Grief is a complex thing. Contrary to popular opinion, we don’t all go through grief in easily understood stages from denial to acceptance. Instead, there are as many ways to respond to loss as there are people who suffer loss. And, if we are blessed to live long enough, we all lose someone important to us. In a time such as ours, losses are becoming multiplied.
On April 7, 2020 John Prine died. I did not know Prine personally but like many who heard his songs, I felt like I did. Not only did I feel like I knew John, but all the people he sang about, who represents the whole of the human race. On the night he died, I stayed up listening to his music and reflecting on his life. I want to share this experience with you.
“I guess I just process death differently than some folks. Realizing you’re not going to see that person again is always the most difficult part about it. But that feeling settles, and then you are glad you had that person in your life.”—John Prine
John Prine is dead. He died like many are dying these days. Complications from Covid-19. It is no respecter of age, gender, race, fame, or anything else we use to set ourselves apart.
I have no doubt John Prine was a man of faith, as unorthodox as it was. What his theology lacked, his compassion made up for. No one I know had a better understanding of the human spirit than Prine did. His songs told the stories of simple, silly, suffering souls. I’ve listened to them for 38 years. They are like old friends. Each time we get together, they have something to say that may seem like the same, but it is fresh in the retelling.
Tonight I will stay up with these friends and share their stories with those of you who care to listen — tonight or in the days to come. I hope you will. I think they’ll help you understand not just Prine, but me, and you.
John Prine was a second-generation Kentucky. Like my Dad says, he had to cross the bridge once each year to renew his citizenship.
He wrote this song for his father, who used to take the whole family back to Muhlenberg County, where Paradise lay. John was in the service when his daddy wrote him a letter that Mr. Peabody’s coal train had hauled it away.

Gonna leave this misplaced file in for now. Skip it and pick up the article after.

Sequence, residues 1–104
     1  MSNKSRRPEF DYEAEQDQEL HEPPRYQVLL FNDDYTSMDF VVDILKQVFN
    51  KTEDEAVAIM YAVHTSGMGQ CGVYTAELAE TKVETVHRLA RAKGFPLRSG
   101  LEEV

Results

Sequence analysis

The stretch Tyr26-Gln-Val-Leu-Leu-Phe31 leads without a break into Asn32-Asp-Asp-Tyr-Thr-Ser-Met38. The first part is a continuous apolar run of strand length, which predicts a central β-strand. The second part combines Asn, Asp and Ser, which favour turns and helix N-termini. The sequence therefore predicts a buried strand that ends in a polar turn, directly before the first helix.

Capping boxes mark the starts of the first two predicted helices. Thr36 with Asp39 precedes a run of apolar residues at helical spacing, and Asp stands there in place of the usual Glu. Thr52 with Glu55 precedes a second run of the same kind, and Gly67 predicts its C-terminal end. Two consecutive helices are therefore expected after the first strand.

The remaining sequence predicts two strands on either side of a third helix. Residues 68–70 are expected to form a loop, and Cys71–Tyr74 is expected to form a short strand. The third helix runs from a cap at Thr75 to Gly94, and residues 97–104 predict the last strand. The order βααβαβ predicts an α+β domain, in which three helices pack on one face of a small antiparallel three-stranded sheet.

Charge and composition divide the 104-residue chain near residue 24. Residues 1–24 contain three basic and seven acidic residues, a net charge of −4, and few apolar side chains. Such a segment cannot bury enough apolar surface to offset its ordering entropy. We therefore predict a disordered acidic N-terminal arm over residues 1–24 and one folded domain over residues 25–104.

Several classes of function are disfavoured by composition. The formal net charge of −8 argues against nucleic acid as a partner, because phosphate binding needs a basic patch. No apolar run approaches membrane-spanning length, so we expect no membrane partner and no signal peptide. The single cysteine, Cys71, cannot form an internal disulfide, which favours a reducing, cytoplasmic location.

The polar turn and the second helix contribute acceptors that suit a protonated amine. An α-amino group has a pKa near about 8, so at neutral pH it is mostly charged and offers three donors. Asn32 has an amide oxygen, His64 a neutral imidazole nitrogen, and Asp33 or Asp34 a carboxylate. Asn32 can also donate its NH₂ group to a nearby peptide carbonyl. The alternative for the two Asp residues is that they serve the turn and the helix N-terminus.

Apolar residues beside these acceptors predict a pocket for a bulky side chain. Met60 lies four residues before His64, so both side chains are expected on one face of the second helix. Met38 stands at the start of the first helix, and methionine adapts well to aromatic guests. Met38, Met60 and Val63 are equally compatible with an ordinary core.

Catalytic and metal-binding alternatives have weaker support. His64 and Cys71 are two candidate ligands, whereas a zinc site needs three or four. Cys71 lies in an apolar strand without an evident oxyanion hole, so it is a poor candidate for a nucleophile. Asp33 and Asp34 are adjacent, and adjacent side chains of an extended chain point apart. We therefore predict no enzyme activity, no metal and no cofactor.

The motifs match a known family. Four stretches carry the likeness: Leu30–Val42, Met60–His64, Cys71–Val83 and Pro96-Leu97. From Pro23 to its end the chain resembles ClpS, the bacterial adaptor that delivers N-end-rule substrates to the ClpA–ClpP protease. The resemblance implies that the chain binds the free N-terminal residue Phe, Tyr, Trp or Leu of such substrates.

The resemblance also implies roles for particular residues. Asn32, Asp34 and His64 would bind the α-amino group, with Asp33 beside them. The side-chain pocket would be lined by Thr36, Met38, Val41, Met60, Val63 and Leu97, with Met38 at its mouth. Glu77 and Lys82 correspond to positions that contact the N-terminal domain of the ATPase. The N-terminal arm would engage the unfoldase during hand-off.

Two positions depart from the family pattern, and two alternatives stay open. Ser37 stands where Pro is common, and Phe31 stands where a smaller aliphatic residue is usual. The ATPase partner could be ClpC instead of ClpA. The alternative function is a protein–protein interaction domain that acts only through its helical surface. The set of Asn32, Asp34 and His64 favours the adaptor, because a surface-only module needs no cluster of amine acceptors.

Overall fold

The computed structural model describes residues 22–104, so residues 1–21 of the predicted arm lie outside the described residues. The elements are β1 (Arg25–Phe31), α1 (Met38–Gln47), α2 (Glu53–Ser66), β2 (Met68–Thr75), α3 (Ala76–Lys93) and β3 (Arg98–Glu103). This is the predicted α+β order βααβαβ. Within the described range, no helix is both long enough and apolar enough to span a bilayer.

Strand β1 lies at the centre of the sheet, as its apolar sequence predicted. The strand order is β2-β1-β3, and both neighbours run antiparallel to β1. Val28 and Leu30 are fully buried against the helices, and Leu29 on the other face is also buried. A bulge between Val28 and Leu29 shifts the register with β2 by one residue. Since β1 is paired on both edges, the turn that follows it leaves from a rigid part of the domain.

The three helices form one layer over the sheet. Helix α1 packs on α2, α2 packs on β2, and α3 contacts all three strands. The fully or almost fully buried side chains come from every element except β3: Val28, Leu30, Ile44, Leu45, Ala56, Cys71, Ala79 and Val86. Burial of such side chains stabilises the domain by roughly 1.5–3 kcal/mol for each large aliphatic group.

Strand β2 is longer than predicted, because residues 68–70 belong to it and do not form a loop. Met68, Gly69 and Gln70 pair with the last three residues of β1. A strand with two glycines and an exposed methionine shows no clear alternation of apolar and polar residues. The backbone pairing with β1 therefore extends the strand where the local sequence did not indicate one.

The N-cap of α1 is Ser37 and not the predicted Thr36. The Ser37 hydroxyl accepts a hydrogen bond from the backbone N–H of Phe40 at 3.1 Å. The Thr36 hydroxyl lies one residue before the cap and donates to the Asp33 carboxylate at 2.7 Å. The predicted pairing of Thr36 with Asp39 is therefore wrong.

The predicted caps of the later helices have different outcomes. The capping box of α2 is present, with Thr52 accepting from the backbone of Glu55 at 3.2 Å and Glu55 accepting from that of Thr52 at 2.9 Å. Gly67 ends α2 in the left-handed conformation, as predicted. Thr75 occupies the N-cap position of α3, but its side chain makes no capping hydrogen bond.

It’s hard to say where Paradise went from there, but I have a hunch John is taking a stroll through it now.
John was certainly a child that grew old, gracefully and gratefully. He hung around long enough to teach a generation, even two, to sing songs of the soul. As beloved as he was, and still is, he conveyed a spirit of loneliness so deep you’ve got nothing to say.
But John had plenty to say and these things will be said for generations to come.
In an age of pompous platitudes, dangerous dogma, and hurting certainty, we need someone to remind us that our job is not to push our personal perspective on people, but to be who we’ve been created to be and defer to the One who truly knows us and wants what is best for us.
We had that someone in John Prine.
I first heard John Prine on a PBS special in December of 1982. I went to the record store the next day and bought Prime Prine. I brought it home, put it on the turntable, plugged in my earphones, sat in a chair and closed my eyes. When Sam Stone came on, I began to cry. I was 19. And I cried like no teenager has ever cried before.
I’m listening to this song on the night John died. I’m staying up all night listening to his music. I’m drinking a beer and I thought I’d be crying into it. But I’m not. I am heartened by a quote of John’s I saw on Twitter tonight. He says:
“I guess I just process death differently than some folks. Realizing you’re not going to see that person again is always the most difficult part about it. But that feeling settles, and then you are glad you had that person in your life.”
No, I’m not crying tonight. I am grateful. I’m happy I got to see John six times over the years. I’m glad John hung around long enough to share his music with a whole new generation. And I’m delighted he no longer has to suffer.
It only took four decades for John Prine to become an overnight sensation. He always had a cadre of fervent fans who knew the words to all his songs, but he never made a splash in the pool of popular music. That is, until his fans played those songs to their children, taught them to play the three chords that held them together and passed on a deep appreciation for music that speaks to the soul. Some of those children grew up to be musicians themselves. Sturgill Simpson. Brandi Carlile. Jason Isbell. Kacey Musgraves.
I’ve heard it said that the definition of faith is planting a seed in the ground knowing full well you won’t be around to see it grow into a tree. If this is true, and I believe it is, John Prine was a man of great faith. May God rest his soul.